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Beware the guard dog

While the debate about the actual volume of software audits performed by vendors continues what’s not in doubt is that software vendor audits are disruptive, time-consuming and expensive. And that’s not even presuming there’s any ‘guilt’ on your part.  Even if the audit exercise concludes with little or no need for financial redress, it was likely still disruptive, time-consuming and expensive (the licensing spend is only a portion of the cost of defending a software audit).

Wouldn’t it be better to avoid having an audit in the first place? 

There are some commonly-recognized triggers for a software audit: not buying any new licenses or subscriptions for a long time, renewing at lower volumes, mergers and divestitures, centralizing or decentralizing purchasing habits, cancelling support and maintenance etc.

A lot of these triggers are outside the SAM owner’s control (who’s going to stop a multi-billion-dollar merger because the SAM manager warns “Oracle might audit us!”?), so when and where you become an audit target for one or more vendors might not be something you can do much about.  But you probably can see it coming.

What can you do about it?

I think there are three key strategies – not mutually exclusive, but also not interdependent – that you can adopt to help lessen the risks of experiencing a disruptive, time-consuming and expensive audit.  But, as I’ll explain, I think only one of these can help you avoid the audit completely. 

First, and perhaps most obviously, you need to take a proactive approach to Software Asset Management. Not just fighting fires as they flare up but looking ahead and working with stakeholders from across the organization to actively manage software deployments, licensing and vendor relationships.  If you see change on the horizon, be ready for it.  If you find problems, fix them on your own terms.

Being able to demonstrate that you have an effective SAM program in place can be enough to change the conversation with an auditor and smooth some of the audit experience.  It won’t take away the pain completely, but it will help.

Second, you could invest in a SAM tool.  Having a full inventory of software consumption and the ability to produce an Effective Licensing Position (ELP) is a big step towards audit readiness.  There are still several problems, however.  For a start, many software vendors are highly suspicious of canned reports from SAM tools, especially ones that are known to not handle entitlements or non-instance data very well.  Another common issue is when the data output from the SAM tool isn’t in the format that the auditor wants, which means a lot of manual labor in transforming reports, adding in extra data points and correlating to legacy purchase agreements. 

And finally, auditors know pretty well which licensing schemes SAM tools support and which they don’t.  If you’re signed-up to a licensing scheme that your SAM tool doesn’t support, an auditor is unlikely to take your ELP at face value.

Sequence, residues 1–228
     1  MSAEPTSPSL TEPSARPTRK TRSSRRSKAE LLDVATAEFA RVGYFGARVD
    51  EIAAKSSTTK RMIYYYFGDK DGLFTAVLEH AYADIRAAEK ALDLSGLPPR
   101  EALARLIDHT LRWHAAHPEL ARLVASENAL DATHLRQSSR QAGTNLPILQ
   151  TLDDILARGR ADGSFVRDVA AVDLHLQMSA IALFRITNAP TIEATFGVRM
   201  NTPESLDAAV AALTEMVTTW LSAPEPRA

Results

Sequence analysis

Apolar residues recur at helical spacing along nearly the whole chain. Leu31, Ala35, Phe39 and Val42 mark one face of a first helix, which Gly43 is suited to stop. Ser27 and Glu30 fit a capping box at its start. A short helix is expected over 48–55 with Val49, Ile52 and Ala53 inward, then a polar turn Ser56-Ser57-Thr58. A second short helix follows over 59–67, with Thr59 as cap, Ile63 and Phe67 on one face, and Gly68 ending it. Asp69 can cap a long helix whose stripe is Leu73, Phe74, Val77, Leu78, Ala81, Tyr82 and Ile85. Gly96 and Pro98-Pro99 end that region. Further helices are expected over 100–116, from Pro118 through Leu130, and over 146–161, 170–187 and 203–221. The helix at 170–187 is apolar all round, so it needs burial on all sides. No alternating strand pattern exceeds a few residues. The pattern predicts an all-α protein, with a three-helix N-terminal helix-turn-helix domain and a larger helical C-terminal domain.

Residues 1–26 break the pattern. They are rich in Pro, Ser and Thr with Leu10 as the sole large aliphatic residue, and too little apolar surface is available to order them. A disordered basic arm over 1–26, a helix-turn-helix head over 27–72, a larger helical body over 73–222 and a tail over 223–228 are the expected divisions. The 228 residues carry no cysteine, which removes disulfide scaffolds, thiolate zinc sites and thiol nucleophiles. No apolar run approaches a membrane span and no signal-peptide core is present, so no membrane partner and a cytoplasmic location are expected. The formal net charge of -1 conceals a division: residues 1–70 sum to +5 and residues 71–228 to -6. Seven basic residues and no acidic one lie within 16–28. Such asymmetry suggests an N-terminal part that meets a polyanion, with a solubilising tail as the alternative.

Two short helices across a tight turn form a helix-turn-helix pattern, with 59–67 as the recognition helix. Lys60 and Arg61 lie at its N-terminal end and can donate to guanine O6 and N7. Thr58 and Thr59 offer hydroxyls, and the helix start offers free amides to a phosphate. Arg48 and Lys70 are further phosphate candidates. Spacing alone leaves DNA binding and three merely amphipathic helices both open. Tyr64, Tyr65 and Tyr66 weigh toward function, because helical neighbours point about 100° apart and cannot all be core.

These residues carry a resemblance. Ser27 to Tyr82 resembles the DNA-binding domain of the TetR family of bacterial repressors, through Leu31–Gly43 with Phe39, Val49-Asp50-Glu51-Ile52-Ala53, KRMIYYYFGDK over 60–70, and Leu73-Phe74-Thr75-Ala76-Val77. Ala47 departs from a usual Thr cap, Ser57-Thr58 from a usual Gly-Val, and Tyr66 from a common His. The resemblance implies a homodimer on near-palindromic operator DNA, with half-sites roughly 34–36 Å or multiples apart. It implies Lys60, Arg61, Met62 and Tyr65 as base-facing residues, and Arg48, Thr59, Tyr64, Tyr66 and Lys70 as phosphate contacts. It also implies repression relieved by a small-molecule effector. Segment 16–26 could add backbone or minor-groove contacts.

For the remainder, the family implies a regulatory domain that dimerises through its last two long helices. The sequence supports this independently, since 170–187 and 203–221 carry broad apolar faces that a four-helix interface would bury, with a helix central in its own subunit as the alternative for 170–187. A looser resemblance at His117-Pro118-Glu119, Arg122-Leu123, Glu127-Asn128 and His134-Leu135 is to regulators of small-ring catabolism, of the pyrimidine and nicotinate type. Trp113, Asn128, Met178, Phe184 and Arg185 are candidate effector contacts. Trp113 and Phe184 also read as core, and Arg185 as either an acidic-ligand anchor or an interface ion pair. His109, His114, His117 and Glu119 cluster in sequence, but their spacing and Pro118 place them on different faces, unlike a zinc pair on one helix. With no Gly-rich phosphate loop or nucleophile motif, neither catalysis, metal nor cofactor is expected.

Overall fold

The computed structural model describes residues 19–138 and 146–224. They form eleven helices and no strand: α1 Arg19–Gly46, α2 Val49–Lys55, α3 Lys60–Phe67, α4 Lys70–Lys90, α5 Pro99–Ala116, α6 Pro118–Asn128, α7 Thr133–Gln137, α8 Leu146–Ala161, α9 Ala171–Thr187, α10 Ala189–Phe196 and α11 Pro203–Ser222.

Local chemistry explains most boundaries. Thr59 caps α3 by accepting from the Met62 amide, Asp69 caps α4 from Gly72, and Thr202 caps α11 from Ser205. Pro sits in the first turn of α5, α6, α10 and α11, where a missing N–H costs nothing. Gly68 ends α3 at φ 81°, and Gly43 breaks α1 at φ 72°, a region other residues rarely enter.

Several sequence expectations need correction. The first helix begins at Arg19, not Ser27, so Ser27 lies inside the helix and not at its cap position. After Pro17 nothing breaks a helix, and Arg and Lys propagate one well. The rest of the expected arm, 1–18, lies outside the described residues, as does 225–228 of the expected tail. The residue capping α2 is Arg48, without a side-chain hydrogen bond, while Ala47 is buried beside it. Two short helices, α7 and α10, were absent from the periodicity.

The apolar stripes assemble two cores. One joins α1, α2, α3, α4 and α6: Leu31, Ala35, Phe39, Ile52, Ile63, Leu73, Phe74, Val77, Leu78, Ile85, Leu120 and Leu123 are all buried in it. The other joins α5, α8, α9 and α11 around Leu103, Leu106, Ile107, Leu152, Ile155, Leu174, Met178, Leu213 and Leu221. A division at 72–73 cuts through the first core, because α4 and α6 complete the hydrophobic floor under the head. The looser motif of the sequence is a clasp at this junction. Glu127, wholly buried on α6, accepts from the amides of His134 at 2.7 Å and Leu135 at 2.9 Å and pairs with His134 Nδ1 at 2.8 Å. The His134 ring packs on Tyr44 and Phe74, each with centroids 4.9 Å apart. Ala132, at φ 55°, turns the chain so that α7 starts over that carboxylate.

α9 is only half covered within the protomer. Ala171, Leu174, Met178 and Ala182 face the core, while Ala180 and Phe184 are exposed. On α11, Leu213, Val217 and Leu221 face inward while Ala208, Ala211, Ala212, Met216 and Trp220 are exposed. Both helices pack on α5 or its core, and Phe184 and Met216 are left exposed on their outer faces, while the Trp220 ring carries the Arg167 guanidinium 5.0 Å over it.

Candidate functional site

The third strategy is what you might call the ‘Beware the Dog’ approach.  For many years, Livingstone has provided Software Asset Management and audit defense services to organizations around the world.  And we see two distinct trends.  Our audit defense work usually comes in when the customer has already received an audit demand.  They know they need help and the auditor knows the customer most likely has a problem.  Enter Livingstone to act as the mediator and get the best deal possible for the customer (and a fair deal for the vendor). 

However, those customers that retain our SAM services when there’s no imminent audit threat tend to have a very different experience.  When audit demands land in the CIO’s inbox (and they still do), responding to the auditor with “Livingstone will be handling this on our behalf” somehow seems to radically transform the narrative with the auditor. 

In some cases, we’ve had auditors completely back down and decide it’s not worth carrying on any further.  In others, we find the experience becomes a lot less confrontational.  And in all cases where the audit has continued, it’s been the customer in the driving seat. 

Why does Livingstone have that effect on audits when in-house teams and tools alone don’t?

Because we know more about software licensing than most auditors (it sounds a little arrogant, but we’re confident it’s true).  If an organization has already onboarded a SAM managed service from Livingstone (and that vendor is in-scope) then we’ve already highlighted and helped the customer address any risks prior to an audit.

If and when the auditor comes knocking, it’s already too late.  Our customer’s house is in order and their licensing is already optimized (and, of course, compliant).   Auditors that challenge our team’s licensing knowledge often go away red-faced and frustrated.

For teams that expect a 10x return on any audit work they undertake, we can destroy their profit margin very quickly!

Choose your guard dog wisely

Just as many big accounting firms have finally stopped undertaking audit work on firms they also provide other services to, there is a strong potential for a conflict of interest when licensing resellers undertake audit defense work.  If the team you expect to defend you also has a reseller relationship with the vendor auditing you, alarm bells should be ringing.

All of the three strategies above will help you minimize the cost – if not the likelihood – a software audit.  And that’s a good thing.  But if you want to make the threat of a software audit go away as much as possible, only the third has been proven to really make that happen. 

You might call it an insurance policy, but I think it’s a little different.  It’s more a deterrent policy.  Or simply, a guard dog. 

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